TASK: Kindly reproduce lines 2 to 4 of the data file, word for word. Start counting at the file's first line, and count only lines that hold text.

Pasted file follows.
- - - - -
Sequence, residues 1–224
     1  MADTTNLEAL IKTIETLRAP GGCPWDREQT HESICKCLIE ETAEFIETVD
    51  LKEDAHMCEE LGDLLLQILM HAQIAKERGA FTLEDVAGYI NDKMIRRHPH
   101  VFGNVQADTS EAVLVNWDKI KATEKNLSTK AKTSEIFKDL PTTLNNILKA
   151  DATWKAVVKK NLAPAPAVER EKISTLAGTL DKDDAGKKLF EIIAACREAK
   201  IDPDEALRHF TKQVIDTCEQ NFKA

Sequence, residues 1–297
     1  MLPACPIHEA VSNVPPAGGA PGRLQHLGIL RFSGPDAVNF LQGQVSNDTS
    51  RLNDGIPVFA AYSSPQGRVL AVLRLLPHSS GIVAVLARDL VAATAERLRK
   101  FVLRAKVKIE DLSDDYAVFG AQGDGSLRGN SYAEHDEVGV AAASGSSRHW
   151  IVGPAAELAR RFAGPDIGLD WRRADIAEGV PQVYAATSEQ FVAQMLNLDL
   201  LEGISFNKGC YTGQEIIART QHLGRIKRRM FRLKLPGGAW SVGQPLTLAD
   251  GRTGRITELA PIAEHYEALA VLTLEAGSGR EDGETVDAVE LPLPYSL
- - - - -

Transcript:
     1  MADTTNLEAL IKTIETLRAP GGCPWDREQT HESICKCLIE ETAEFIETVD
    51  LKEDAHMCEE LGDLLLQILM HAQIAKERGA FTLEDVAGYI NDKMIRRHPH
   101  VFGNVQADTS EAVLVNWDKI KATEKNLSTK AKTSEIFKDL PTTLNNILKA